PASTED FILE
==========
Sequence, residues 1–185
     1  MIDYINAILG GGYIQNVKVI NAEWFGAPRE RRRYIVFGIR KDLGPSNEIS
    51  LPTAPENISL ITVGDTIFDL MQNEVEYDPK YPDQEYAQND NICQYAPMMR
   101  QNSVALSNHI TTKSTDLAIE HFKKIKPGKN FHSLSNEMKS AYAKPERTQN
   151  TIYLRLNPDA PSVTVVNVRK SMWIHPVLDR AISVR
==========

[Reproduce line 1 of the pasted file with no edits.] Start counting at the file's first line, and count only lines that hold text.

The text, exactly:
Sequence, residues 1–185